R’n’B has a soft spot for a rugged lady, and Victoria Monet is as sexually brave as they come. Their signature tune is called A–Like That, a kick-ass anthem about working out that will stop passersby in their tracks. The above page was used vigorously during a fascinating entertainment The reviews for the show at London’s Roundhouse were almost as poor as the pop concert itself. The take-no-prisoners energy level was exhausting to watch.
Perhaps Monet was extra excited by the news from America. “I’m a GRAMMY nominee!” he announced proudly. The 34-year-old singer, songwriter and producer was performing her first live show since the announcement of the American Music Industry 2024 Awards, which received a surprising seven nominations. Monét, a music industry favorite, may be poised for a major commercial success even at this advanced stage of her slow-moving career. She’s got a lot going for her: a little bit of Beyoncé in her vocal power and sheer physical presence, a little bit of Rihanna in her rugged pop smarts, with an extremely flexible voice that can cover all the RnB bases from bedroom slow jams to . Funk and summery reggaeton. She has written and produced major hits for others, providing large portions of Ariana Grande’s discography, and can be characterized as Grande’s provocative, adventurous, and, frankly, big sister.
Monét arrived covered in a cowl last night, but it fell to the floor before the first song’s intro ended, revealing a gymnastically fit Monét in a swimwear-like outfit. In keeping with the theme of this year’s late debut album Jaguar II, his accomplished male four-piece band was surrounded by abundant fake leaves to convey the atmosphere of a steamy jungle, while two dancers Were wearing clothes that could have arisen from a strange Tarzan imagination. Their routine had the most body-shaking excitement reminiscent of vintage Tina Turner, though I suspect it was when their leader sang a song called FUCK (allegedly an acronym for FRIEND YOU CAN KEEP). had sung, Iketes would have had a full Sapphic make-out. ,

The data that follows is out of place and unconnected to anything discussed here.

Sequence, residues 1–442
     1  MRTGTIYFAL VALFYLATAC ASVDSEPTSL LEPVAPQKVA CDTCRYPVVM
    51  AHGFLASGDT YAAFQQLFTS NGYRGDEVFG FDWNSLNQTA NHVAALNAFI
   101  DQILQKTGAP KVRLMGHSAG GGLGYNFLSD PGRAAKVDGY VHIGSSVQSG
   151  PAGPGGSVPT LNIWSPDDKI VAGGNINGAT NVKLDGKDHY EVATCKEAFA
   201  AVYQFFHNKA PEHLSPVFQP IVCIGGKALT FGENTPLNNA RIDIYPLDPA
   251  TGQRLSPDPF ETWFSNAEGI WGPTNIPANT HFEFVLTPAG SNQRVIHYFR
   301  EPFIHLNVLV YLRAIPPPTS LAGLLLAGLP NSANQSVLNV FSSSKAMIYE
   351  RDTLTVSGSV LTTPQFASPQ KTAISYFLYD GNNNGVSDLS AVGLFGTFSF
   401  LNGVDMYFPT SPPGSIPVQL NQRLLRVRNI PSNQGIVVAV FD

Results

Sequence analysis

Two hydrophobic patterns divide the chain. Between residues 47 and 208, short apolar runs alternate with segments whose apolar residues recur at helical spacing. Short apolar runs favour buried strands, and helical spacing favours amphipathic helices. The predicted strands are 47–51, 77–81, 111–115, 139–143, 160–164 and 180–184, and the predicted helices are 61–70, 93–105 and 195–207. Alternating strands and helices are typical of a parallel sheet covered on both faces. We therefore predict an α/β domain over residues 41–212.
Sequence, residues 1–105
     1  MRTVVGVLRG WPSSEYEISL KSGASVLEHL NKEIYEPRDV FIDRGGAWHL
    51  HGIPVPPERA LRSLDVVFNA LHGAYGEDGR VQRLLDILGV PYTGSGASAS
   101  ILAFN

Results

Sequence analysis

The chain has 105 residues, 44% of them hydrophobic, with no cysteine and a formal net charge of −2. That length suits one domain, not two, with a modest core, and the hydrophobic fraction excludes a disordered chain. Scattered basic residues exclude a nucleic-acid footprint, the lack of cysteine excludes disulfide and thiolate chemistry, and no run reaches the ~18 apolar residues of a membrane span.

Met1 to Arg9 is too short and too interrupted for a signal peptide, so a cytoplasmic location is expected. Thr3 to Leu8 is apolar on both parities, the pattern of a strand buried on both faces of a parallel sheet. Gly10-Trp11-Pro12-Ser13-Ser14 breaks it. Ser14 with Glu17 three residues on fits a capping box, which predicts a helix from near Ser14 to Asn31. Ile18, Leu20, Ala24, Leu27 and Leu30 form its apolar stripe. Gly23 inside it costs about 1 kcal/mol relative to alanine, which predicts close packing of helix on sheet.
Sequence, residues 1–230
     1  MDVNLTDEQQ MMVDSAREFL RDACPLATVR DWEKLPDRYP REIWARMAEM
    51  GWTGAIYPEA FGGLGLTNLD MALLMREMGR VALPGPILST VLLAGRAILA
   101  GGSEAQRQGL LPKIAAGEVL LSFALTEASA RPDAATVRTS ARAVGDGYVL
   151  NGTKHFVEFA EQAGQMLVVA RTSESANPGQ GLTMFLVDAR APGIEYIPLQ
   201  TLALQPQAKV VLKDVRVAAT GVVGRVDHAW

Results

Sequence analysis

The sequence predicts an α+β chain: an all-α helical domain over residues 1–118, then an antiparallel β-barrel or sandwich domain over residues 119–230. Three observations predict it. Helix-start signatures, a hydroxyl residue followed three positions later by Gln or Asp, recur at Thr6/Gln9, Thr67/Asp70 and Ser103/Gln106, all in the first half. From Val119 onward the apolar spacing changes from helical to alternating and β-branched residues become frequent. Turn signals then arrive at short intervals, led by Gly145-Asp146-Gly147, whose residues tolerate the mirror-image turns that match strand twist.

There is a sense of the history of the soul about Monet’s razzamatazz. She and her dancers mixed it with The Supremes’ Stop in the Name of Love before following with their own more confrontational stop (Askin Me 4shit).
Yet musically, Monet seems torn between immediate attraction and a desire for sophisticated complexity. His virtuoso band blended analog with digital elements, mixing catchy soul jazz fusion with slick hip hop pop, and made abundant use of pre-recorded elements including horns and backing vocals. Sometimes the proximity of the microphone to Monet’s lips during dance routines had no significant effect on the quality of her singing.
Contemporary audiences were unimpressed by such gimmicks, and the 1,800 worshipers at the Roundhouse were vocal in their enthusiasm. Interestingly, at least 60 percent of his audience was women, who responded favorably to the tone of sexual empowerment rather than compliance. Seeing the massive roar once again, Monet sees their world go round.
in Cocoa on 15 November; victoriamonet.co